First Drive(s): Slash 2WD

In the last post, I mentioned that I was going to put my money where my mouth is. I recommend for new RC drivers to strongly consider the Traxxas Slash, in the two wheel drive variant. A base 2WD Slash, brushed, retails for a nickel under $180. Of course you need to add a battery to that, or you can spend the additional $50 and get the version with an included charger and NiMH battery pack.

As I wanted to get the new driver experience, I opted for the package with the NiMH battery. All my other cars are brushless, and they all use LiPO batteries, so this was to be an entirely new experience.

5 days later, the car showed up. Before the delivery window estimate. A good omen.

I ordered it from Amazon, but the fulfillment came from Traxxas direct. Today, I got it out for its first drive. I drove over to the local Park ‘n Ride lot (with Covid, there ain’t many people using the parking lot) and while I was driving over, I charged the battery. (The included charger uses the 12V accessory socket in your car. You can buy an AC adapter (ha ha, like I am going to continue to use the NiMH battery) for convenience. But I will continue to use it until I buy a proper LiPO battery.

As a ready to run car, it came out of the box good to go, especially with the included battery, there aren’t any real impediments to getting out and driving.

Now while the 2WD Slash is sedentary compared to my other cars, it was not purchased with the intent of it to be in the hunt, so to speak. I wanted to view this through the lens of a new driver.

So, for the rest of this post, I am going to pretend that I am a bright eyed 8 year old boy (or girl) who just received this car for a birthday or Christmas gift.

Through those eyes, I put 4 AA batteries into the transmitter, charged the NiMH battery, and followed the “Quick start instructions”.

Out of the box, the car looks great. This “edition” is the “Hawaiian” livery, and it has a lot of colors and patterns, as well as some “scale” looking decals.

I was concerned that the low end version of this vehicle would feel “cheap”, with mediocre tires, and other components. But they are surprisingly robust, at least on first impression. Sure, I could make it better. But like all RTR cars, it is built to a price point and a demographic in mind (curse my product manager background). However, the 8 year old me is impressed.

After topping up the battery, and properly powering up, it was time to drive. I was in a large parking lot, with lots of open space, some foliage debris (COVID means that not many people are using the lot) to drive through.

Pulling the trigger, the 8 year old me had a grin. No, it doesn’t have enough raw power to stand it up, and it isn’t a speed demon, but, for the new user, someone new to the sport, it is very gratifying. If I had to guess, wound flat out, it probably does about 20 MPH. Not a blistering pace, but respectable, and exciting.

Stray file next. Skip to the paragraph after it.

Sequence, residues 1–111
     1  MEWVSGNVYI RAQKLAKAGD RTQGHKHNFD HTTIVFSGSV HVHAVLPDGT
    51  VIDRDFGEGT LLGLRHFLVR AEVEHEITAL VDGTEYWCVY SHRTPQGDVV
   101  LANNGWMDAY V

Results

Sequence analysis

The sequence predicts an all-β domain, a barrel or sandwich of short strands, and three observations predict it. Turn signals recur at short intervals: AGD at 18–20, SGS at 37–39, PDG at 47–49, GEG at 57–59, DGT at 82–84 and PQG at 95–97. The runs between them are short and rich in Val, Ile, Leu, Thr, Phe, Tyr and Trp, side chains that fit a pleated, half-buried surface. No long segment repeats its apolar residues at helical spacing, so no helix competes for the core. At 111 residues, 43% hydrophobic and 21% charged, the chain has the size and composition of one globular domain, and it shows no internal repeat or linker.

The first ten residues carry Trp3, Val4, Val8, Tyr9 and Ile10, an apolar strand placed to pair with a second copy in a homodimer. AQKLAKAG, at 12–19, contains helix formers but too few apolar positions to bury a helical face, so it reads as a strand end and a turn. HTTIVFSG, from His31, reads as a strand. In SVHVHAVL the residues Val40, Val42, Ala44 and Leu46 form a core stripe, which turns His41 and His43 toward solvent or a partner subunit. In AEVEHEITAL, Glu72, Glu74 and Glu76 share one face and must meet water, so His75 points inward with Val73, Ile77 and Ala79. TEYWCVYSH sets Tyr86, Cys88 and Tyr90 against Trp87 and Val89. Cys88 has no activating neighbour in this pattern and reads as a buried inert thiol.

Since I was on pavement, and it is a short course truck, it has a fairly high center of gravity, so there is a lot of body roll in corners. The manual does recommend adding some preload spacers to the front shocks to increase the “stiffness” and reduce that. I didn’t before this run, but I will when I go back to the parking lot.

One thing that I enjoyed, even with the slower pace of the NiMH batteries, was that the detritus from the trees’ leaves made it very easy to spin donuts. Lots and lots of donuts.

It also made for good J turns (the ol’ Rockford flipping a 180 trick) as well.

2WD is more difficult to drive, but at least with the lower power batteries, it is very manageable. The biggest difference is that when you jump on the brakes hard, only the rear has braking effect, and when you brake weight transfers to the front, unloading the rear, so it skids. That is new, and, uh, exciting.

Product manager me comes back out again. I did a couple more charge/runs, and decided to measure the time a charge lasts. Unlike a LiPO system, where the battery has fairly constant current output until it hits the LVC (low voltage cutoff, if you discharge LiPO batteries beyond a certain point, they can be damaged, or even catch on fire) the NiMH current output drops as they discharge. The time until it slows to a slow walk pace is about 8 minutes. Disappointing to say the least. But it is a fun 8 minutes.

But, in all, I am very happy with the 2WD Slash. I knew it would be very different than my other cars, and a good choice for beginners. And it has lived up to my expectations splendidly.

I will do some more driving, and begin to tweak it up. This project is going to be fun. I almost punted and bought the 4WD version, but I felt that the beginners experience would be a better path, and that the cost conscious option would be the choice. And so it is.

The second drive was with the NiMH battery, and I timed how long I was able to drive. It lasted 8 minutes, 23 seconds until it stopped going. Not great, but it worked well.

Tons of fun!

Product Manager in Tech. Guitar player. Bicycle Rider. Dog rescuer. Techie.